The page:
Qantas chief executive Alan Joyce has called on state lockdowns to stop by the end of 2021, when he says all adults should have been offered a COVID vaccination.
The comments are significantly his first since domestic aviation largely ground to a halt last week, with 373 flights arriving or departing from Sydney Airport on Wednesday cancelled or withdrawn from service.
Talking to The Australian on Sunday, Joyce said the public was “not of a mindset to say lockdowns should be continuing into next year”.
He added it was important to have “clear metrics” for Australia will transition out of the pandemic, seemingly backing the decision of the national cabinet last week to agree on a four-phase exit strategy.
“If the logic of Dan Andrews and (Queensland Premier) Annastacia Palaszczuk applies, once we’ve got every adult who wants a vaccine to be vaccinated, then surely that should be the threshold,” he said. “I support that logic.”
He also pushed for a 2022 reopening of all state and international borders, given he believes every adult should have been offered a vaccine by the end of this year.
“Hopefully they can meet that time frame,” he said.
The flag carrier has long been a strong advocate for vaccination, with Joyce repeatedly pledging that all international passengers on long-haul flights will require a COVID vaccine to fly.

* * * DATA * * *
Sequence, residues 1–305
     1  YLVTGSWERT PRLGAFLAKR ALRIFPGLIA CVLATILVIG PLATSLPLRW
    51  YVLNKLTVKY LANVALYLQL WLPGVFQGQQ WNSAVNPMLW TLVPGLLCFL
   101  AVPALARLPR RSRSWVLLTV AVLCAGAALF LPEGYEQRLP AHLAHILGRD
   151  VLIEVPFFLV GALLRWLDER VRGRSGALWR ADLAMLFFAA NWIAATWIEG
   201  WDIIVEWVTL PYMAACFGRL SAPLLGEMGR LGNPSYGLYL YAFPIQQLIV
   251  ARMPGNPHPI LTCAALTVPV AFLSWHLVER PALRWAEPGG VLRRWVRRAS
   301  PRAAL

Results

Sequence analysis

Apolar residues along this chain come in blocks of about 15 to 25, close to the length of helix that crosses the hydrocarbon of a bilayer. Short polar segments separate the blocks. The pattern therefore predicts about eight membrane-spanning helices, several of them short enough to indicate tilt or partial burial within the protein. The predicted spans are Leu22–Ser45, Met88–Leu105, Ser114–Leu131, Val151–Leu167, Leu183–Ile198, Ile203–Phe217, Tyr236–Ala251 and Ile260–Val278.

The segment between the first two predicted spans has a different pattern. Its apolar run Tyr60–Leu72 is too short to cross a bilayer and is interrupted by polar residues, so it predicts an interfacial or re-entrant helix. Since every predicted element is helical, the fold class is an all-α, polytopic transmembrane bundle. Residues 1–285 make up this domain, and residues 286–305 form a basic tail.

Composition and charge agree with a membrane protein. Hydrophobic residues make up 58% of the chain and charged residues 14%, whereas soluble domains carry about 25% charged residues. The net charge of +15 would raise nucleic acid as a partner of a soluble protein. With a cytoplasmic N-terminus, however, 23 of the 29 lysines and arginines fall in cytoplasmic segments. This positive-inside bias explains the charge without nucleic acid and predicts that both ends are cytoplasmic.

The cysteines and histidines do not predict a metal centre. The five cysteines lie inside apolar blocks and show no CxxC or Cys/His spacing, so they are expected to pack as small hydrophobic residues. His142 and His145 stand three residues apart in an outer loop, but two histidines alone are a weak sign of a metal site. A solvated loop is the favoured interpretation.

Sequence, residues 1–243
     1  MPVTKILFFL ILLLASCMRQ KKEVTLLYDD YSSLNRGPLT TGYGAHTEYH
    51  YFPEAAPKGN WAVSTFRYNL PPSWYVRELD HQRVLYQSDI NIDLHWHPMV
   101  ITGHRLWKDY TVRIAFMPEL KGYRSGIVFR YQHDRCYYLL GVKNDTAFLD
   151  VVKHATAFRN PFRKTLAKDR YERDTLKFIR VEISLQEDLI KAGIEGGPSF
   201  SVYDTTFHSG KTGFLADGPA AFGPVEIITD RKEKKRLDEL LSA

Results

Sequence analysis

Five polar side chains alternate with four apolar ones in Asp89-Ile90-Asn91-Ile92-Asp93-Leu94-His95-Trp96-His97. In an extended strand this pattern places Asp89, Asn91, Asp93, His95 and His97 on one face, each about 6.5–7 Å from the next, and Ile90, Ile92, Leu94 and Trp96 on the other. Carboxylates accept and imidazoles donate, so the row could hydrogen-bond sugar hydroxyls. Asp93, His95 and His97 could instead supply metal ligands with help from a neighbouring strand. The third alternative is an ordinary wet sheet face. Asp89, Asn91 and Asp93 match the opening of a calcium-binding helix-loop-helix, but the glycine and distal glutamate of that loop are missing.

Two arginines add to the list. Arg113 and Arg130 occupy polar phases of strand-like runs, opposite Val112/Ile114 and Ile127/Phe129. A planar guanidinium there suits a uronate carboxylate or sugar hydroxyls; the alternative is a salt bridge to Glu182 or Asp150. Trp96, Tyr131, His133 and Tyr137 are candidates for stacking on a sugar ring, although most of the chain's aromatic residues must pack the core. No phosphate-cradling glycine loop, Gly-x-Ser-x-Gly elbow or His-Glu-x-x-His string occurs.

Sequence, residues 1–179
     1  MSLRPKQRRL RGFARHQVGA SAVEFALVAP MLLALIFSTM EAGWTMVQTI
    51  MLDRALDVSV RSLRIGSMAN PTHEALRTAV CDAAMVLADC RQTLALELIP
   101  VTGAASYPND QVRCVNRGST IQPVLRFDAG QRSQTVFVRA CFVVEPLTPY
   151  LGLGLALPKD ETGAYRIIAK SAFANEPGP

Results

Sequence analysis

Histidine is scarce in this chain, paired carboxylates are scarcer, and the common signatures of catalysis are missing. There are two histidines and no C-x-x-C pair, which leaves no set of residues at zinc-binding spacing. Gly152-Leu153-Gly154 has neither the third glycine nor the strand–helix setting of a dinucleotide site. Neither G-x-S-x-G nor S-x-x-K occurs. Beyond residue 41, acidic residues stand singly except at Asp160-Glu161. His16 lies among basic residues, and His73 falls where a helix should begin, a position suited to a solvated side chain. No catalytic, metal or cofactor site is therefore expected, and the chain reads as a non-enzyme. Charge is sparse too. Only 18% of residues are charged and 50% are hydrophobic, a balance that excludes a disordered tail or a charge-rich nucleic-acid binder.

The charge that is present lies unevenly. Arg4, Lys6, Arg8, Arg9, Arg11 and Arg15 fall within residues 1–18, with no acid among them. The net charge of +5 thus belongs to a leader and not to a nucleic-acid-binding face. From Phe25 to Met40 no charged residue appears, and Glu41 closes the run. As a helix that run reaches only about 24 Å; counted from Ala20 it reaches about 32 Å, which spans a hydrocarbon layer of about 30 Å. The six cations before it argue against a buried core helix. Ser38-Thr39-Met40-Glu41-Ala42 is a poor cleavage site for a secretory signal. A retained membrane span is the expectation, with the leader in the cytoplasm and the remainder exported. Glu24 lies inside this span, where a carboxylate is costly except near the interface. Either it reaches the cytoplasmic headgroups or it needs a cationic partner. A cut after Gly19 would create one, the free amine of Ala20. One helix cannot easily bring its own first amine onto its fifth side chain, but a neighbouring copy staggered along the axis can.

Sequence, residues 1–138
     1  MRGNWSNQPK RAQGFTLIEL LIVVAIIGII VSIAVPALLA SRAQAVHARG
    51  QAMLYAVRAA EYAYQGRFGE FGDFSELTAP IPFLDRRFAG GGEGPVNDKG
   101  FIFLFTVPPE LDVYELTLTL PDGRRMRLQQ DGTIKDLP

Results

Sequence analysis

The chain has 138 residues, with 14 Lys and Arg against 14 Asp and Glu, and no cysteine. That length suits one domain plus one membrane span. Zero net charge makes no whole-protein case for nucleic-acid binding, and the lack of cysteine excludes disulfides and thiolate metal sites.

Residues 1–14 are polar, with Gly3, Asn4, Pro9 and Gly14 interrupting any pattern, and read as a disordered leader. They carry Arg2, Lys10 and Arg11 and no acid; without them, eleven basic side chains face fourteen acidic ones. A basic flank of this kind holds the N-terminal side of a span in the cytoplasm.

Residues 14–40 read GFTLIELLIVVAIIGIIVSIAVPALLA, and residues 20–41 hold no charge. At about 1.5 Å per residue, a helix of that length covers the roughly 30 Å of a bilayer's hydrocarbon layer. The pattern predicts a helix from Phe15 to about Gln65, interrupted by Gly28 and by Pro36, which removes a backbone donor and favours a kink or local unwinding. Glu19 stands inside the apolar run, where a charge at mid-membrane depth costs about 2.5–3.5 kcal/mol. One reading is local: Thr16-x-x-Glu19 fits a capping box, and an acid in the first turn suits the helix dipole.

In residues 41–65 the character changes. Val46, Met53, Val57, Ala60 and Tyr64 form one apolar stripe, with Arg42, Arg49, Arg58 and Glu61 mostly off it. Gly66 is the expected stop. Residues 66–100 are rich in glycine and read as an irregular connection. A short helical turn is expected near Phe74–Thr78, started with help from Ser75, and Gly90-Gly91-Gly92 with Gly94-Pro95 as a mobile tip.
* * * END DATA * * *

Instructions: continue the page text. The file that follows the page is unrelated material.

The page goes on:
He said in December that the airline has made the decision because it has a “duty of care to our people” and it would put “safety ahead of popularity”.
“As the Prime Minister said, it will become a binary choice for international travellers to either get the vaccine or quarantine for two weeks. And quarantine places are very limited,” said Joyce.
“Our position on this is clear. We have a duty of care to our people and our passengers, and once a safe and effective vaccine becomes readily available, it will be a requirement for travel on our international services.
“I acknowledge some people are opposed to vaccines in-principle. We respect that. But in return, we ask everyone who travels on Qantas and Jetstar to respect our safety protocols – which will include a COVID vaccine for international flights, at least until the pandemic is under control overseas.”
In May, the airline even hinted at offering incentives for customers to get vaccinated, including the offering of unlimited free flights for a year for big-prize winners.
Vaccinated customers would be offered 1,000 frequent flyer points, as well as the potential for travel vouchers and status credits.
Additionally, Joyce said the airline could offer 10 “mega-prizes”, with at least one lucky winner from each state and territory.
The mega-prize would see a family of four receive free unlimited travel across the Qantas and Jetstar network for an entire year, as well as 1 million points to be used for hotel accommodation, donated by Qantas’ partner Accor.
“We are trying our best to help with this rollout,” Joyce said.
Joyce comments at the weekend pushing for the vaccine rollout to be complete by the end of the year tallies with Qantas’ pushing back its intended start date for international routes from October to December.
However, the annual budget hinted international borders won’t fully reopen until the middle of 2022.
Australian Aviation revealed last week that major airlines including Qantas have so far avoided mass stand-downs of staff despite half the country being put in lockdown and borders closing.
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